Undeniably, reading does change the Queen. It makes her traditional round of duties exquisitely tedious; and at the same time it transforms her sympathy for the people she meets. The Queen might be there for the people, but the unique and bizarre situation she inhabits means that she is not of the people. Reading transports her into a world she has never known, but it also gives expression to feelings she has never been able to share. In her notebook, the Queen writes: ‘Though I do not always understand Shakespeare, Cordelia’s “I cannot heave my heart into my mouth” is a sentiment I can readily endorse. Her predicament is mine.’

Like the best comedy, this brief novella is consistently laugh-out-loud funny, whilst being simultaneously touching, subversive and fierce. I was so impressed by the acuity and concision with which it shows the paradoxes of reading, its transformative power, and its greedy demand on the reader’s seclusion, its ability to take people closer to one another in spirit whilst highlighting their divisions. And this is all wrapped up in a neat little package of pure stylistic economy. I’m so glad I read it, and I get the feeling I’ll be reading it again.

Now, having proved you can solve any problem, dear blogging friends, I have a real facer for you. You know I’ve just moved rooms? Well, I find out that the person who inhabited them before me has just ended his marriage and the person before that fell ill with MS. I fear they may be cursed. Does anyone have a good idea how to exorcise evil spirits? All suggestions gratefully received, as ever….

13 thoughts on “Queens and Curses

  1. AB is brilliant. I haven’t read that one but I am well up for one like it. Maybe I can get it to my library this weekend. You can smudge the room. I’m not sure what herbs you have in the UK, but white sage in a clay dish will stay lit long enough to fan the smoke lightly around the room. Excellent stuff. You can also get essential oils.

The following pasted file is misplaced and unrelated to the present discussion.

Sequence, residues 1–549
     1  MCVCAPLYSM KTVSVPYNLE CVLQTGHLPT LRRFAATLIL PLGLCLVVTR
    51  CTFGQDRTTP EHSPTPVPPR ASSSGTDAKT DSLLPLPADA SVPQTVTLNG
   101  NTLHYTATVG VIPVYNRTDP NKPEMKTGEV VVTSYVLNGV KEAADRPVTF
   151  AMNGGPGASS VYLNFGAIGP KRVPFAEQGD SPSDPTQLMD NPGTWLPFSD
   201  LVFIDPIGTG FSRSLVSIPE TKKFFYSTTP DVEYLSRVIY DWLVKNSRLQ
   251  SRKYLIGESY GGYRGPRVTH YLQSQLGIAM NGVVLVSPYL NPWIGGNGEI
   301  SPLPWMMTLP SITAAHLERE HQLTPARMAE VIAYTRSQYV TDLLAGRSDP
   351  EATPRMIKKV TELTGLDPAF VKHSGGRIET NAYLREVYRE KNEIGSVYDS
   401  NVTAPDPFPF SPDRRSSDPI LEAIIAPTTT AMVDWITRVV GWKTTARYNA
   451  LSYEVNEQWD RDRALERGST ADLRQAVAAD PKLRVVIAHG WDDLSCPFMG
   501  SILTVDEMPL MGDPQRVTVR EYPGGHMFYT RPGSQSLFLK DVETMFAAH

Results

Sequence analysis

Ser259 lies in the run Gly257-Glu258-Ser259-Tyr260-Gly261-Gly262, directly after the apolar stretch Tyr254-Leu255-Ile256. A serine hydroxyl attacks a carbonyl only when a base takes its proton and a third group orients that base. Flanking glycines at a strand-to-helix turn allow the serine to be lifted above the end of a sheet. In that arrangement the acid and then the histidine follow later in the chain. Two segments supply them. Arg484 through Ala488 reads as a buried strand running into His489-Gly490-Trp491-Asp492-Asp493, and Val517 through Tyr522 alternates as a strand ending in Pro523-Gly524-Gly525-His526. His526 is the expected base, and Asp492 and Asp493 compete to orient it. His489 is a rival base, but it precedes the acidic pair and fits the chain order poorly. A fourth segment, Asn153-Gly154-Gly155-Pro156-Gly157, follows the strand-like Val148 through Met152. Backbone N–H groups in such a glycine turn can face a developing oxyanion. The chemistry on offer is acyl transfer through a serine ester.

2. Lilian could well have commented on my behalf. I also love AB, and I’m also going to check out the library for this pocket gem I have heard only the best things about… he’s so clever. So witty and wise.

    Do the rooms feel disturbed, LL? Do you have any sense of a lurking presence, or is it more that it seems like a run of bad luck instead of merely odds on? I only ask because it doesn’t really sound like a curse, more like…. um… well, life. But places do breathe their history, so if your rooms do exude that air of menace, I recommend good times and plenty of them. Have a party in there, laugh a lot, blow bubbles.

  3. Salt is commonly used to ward off evil spirits. I suggest lightly sprinkling it throughout the room. Also, you could prominently display books such as the Bible, the Qu’ran, the Bhagavad Gita(sp?), etc., and books on exorcism to scare off any lingering spirits. :).

  4. I loved The Uncommon Reader, and am so glad you saw so many of the same things in the book! As for exorcising the bad juju, I live in the capital of al that is New Age-y, feng shui-ing, sage burning, and ritual cleansing–Los Angeles. I have a friend who just moved into a house where the last three owners had some similar bad luck. She hired this guy who came and burned sage and did some sort of ritual cleansing. My feeling is that even if you make up your own sort of cleansing ritual, the most important thing is that you acknowledge that you’re making a clean start, and that is as strong a magic as you need!

  5. I have wanted to read The Uncommon Reader for months now, but have been lazy about finding a copy (isn’t there always another book too tempting to pass up, already on the shelf?). It does sound marvelous and one I might also send to my father, whom I think would also love it. I have no idea about exorcising bad spirits so I will be interested to see what works for you!

  6. I read this the Christmas before last and absolutely loved it. Great review — you have really encapsulated what is so good about this book.
    Did you say you were a bit of a buddhist? If so and if you do some kind of meditation, do it in the room as it will create good vibrations.

  7. Sorry not very good at evil spirits. I could lend you The Bears for a bit; at their rampaging best they’re enough to scare anything away.